That’s why we have designed Retriever Stories to be easily accessible from a wide range of already existing and highly popular social networks. Use Facebook? You can log into Retriever Stories from there. Happily Tweeting? Use your Twitter log in. A devotee of Google? That will get you in, too. More active with your professional community via LinkedIn? That will also be a gateway to Retriever Stories. And if you’re a current member of the UMBC community, just use your myUMBC account.
Easy to Use
We’ve not only made Retriever Stories easy to access. We’ve made it easy to use. Upload a photo or a story quickly. Use hashtags to let others what your story is about and when it happened. Follow people you know. The team behind Retriever Stories will be following along to give answers to questions and help connect users.
We hope that you will visit Retriever Stories and be a part of the essential work of making your story our story.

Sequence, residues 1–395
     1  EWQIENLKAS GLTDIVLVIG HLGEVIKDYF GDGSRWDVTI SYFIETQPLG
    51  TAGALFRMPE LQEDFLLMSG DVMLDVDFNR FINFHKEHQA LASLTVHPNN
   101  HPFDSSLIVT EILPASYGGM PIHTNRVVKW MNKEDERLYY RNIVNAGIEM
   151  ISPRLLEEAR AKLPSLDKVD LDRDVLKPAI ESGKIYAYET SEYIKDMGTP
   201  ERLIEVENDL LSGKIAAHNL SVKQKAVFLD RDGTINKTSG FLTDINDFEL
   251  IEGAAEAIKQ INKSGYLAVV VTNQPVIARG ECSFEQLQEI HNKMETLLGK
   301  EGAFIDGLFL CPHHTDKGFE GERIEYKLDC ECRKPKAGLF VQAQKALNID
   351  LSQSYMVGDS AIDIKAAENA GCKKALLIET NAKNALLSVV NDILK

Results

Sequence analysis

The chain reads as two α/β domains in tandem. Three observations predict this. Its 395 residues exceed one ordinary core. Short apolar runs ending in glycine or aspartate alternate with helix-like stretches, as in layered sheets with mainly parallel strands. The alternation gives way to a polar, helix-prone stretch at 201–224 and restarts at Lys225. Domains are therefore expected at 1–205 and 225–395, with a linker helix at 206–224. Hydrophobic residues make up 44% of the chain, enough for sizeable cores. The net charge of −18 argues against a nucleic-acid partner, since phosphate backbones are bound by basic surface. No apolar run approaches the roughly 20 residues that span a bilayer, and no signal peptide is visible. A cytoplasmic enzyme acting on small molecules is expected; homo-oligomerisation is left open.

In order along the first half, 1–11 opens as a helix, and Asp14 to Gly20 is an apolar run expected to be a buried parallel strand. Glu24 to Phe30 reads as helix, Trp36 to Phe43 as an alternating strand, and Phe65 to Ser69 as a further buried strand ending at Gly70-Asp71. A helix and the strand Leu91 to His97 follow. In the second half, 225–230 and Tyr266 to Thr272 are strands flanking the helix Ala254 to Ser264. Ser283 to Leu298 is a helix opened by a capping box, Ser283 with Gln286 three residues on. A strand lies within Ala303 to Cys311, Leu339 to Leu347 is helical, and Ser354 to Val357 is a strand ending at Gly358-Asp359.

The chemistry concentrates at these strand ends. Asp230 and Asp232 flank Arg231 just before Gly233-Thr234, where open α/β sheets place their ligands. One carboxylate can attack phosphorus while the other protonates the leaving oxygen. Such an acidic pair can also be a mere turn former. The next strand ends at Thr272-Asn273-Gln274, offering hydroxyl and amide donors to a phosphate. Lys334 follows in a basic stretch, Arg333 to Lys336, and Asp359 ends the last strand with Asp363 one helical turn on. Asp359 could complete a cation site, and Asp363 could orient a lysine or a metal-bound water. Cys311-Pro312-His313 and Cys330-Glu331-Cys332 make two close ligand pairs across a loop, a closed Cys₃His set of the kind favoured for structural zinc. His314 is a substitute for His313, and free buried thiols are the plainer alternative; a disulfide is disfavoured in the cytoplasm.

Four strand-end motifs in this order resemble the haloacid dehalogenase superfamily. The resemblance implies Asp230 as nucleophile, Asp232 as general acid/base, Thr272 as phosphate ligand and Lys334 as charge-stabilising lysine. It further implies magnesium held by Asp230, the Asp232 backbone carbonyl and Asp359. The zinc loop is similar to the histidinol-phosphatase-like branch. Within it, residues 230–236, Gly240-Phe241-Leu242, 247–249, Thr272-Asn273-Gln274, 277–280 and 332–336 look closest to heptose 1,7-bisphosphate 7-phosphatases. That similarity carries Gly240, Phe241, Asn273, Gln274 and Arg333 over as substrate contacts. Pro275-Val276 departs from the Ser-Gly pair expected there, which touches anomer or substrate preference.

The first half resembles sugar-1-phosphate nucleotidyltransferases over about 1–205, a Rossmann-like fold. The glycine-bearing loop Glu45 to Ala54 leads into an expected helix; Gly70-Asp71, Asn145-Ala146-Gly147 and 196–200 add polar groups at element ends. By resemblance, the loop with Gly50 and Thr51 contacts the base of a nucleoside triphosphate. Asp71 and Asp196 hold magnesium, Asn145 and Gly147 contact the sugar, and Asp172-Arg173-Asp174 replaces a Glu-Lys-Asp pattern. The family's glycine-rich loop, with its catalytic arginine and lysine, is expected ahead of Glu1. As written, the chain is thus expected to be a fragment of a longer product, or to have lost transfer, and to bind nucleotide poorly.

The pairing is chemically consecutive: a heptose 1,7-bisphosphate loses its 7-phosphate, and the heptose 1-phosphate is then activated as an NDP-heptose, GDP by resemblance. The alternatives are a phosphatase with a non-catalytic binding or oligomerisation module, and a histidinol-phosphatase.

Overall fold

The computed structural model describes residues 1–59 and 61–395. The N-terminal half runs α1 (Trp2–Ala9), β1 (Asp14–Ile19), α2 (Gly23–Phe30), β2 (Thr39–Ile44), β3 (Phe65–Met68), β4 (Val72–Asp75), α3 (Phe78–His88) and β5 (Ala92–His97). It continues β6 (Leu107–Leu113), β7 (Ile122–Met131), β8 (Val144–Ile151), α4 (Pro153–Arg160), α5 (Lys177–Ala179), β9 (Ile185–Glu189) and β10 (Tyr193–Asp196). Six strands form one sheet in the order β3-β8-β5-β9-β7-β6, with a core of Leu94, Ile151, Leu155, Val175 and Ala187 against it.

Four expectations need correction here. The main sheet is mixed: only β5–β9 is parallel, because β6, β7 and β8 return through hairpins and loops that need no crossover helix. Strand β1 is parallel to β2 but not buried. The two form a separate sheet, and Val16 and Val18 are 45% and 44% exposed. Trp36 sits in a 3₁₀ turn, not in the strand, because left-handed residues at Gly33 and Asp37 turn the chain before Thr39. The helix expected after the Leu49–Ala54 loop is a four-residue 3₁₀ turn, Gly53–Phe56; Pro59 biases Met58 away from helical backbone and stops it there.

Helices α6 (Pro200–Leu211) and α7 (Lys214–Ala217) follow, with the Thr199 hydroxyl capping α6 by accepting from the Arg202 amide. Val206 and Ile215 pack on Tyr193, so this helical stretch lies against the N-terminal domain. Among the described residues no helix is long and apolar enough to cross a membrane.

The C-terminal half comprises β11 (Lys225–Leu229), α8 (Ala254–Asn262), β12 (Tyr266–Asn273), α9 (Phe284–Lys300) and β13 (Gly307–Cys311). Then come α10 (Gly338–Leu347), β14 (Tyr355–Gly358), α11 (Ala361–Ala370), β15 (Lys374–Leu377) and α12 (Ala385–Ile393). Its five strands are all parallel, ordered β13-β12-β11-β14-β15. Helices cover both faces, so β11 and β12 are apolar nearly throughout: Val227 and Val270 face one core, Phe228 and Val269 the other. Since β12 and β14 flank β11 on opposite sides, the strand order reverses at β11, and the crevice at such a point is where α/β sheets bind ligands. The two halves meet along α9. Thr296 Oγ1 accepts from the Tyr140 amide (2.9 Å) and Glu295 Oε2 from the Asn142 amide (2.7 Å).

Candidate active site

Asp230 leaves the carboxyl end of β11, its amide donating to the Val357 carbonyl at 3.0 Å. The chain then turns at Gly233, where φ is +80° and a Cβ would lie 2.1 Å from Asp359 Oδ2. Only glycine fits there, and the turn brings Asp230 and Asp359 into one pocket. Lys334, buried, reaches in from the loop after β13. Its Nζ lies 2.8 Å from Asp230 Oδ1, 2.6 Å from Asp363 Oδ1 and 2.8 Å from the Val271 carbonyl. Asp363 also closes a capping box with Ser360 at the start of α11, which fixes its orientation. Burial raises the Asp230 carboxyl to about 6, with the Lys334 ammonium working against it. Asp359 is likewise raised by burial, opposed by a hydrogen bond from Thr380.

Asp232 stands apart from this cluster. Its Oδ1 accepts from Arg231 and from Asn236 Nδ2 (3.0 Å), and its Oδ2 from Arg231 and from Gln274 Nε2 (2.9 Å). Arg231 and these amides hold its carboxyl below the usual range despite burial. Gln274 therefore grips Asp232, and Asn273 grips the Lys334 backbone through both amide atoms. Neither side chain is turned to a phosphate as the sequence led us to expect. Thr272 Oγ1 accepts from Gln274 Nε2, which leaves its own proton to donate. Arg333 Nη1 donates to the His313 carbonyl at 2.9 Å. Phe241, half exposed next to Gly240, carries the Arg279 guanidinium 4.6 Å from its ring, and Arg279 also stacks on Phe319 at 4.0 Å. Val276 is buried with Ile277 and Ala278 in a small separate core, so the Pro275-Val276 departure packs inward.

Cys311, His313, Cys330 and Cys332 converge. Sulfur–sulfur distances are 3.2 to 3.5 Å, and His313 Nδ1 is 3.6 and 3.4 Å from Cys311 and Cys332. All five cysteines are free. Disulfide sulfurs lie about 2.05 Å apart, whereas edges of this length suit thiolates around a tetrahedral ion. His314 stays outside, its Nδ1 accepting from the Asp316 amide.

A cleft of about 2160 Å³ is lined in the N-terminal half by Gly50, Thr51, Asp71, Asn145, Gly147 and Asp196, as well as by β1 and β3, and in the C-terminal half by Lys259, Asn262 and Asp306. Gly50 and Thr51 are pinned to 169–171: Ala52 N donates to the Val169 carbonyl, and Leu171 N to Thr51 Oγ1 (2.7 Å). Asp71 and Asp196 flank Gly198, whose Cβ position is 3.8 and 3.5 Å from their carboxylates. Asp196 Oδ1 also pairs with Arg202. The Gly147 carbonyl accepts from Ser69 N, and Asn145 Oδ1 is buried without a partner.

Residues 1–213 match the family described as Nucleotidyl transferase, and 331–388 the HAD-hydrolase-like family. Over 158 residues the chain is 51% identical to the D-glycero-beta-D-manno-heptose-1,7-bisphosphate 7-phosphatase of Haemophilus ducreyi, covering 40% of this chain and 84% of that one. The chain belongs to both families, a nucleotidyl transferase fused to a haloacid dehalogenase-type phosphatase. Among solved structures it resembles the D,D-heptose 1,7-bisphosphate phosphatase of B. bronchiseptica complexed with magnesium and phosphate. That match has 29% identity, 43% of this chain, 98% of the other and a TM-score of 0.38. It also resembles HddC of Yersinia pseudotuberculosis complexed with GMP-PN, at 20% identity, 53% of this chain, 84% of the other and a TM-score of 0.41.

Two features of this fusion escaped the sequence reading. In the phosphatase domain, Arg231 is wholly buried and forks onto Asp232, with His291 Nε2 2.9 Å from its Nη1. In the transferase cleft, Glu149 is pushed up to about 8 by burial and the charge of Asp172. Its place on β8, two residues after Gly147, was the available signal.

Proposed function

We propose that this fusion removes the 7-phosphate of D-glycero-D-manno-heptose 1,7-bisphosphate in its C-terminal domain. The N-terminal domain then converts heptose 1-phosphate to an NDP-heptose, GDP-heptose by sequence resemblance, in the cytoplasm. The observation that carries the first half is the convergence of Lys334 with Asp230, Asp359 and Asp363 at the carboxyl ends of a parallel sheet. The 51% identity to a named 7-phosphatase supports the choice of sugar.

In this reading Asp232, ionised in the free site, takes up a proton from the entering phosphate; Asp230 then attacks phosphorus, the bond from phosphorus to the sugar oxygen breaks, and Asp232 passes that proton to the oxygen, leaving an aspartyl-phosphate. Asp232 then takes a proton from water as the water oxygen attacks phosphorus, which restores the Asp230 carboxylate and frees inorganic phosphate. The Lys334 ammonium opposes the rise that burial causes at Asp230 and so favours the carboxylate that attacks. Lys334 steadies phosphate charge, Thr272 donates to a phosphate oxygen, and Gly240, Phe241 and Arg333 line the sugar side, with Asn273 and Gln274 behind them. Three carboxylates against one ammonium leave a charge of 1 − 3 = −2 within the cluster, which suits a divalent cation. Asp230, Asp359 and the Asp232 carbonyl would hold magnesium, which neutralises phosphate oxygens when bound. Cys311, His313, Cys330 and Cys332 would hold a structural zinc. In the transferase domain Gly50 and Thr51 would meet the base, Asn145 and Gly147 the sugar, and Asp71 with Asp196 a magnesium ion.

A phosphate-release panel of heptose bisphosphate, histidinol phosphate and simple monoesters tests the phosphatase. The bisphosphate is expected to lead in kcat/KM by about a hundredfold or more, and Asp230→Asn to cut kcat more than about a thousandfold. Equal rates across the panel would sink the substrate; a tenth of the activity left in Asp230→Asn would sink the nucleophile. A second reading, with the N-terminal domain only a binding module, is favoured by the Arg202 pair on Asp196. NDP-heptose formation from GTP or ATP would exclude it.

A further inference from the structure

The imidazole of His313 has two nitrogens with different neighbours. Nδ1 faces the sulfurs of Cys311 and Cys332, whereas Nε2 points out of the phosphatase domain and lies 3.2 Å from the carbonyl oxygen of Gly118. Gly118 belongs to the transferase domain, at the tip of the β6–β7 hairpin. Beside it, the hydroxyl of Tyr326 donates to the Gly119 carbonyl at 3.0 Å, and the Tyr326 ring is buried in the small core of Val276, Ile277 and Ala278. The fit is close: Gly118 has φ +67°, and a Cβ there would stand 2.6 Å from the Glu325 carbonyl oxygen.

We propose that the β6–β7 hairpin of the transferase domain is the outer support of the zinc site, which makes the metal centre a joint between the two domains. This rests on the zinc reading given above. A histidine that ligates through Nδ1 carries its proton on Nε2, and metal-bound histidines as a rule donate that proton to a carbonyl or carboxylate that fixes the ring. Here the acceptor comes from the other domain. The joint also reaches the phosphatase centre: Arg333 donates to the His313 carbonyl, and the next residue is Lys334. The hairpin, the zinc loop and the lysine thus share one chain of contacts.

— Richard Byrne ’86
Tyson King-Meadows, chair of Africana studies and associate professor of political science, has been appointed associate dean of UMBC’s College of Arts, Humanities, and Social Sciences (CAHSS), beginning in summer 2016.
King-Meadows joined UMBC in 2003, and he has held numerous leadership positions across campus. He co-chairs the Executive Committee for the Recruitment, Retention, and Advancement of Underrepresented Minority Faculty and has been instrumental in developing initiatives, polices, and procedures to enhance UMBC’s success in this key area of university diversity. King-Meadows also brings a wealth of experience shepherding experiential learning initiatives and programs designed to enhance college equity and access, and has made undergraduate students a vital part of his own research work.
“Tyson King-Meadows is already a leader in teaching, scholarship, and service to the university and the community. I look forward to his expanded role in supporting the missions of the college and UMBC,” says Scott Casper, dean of the College of Arts, Humanities, and Social Sciences.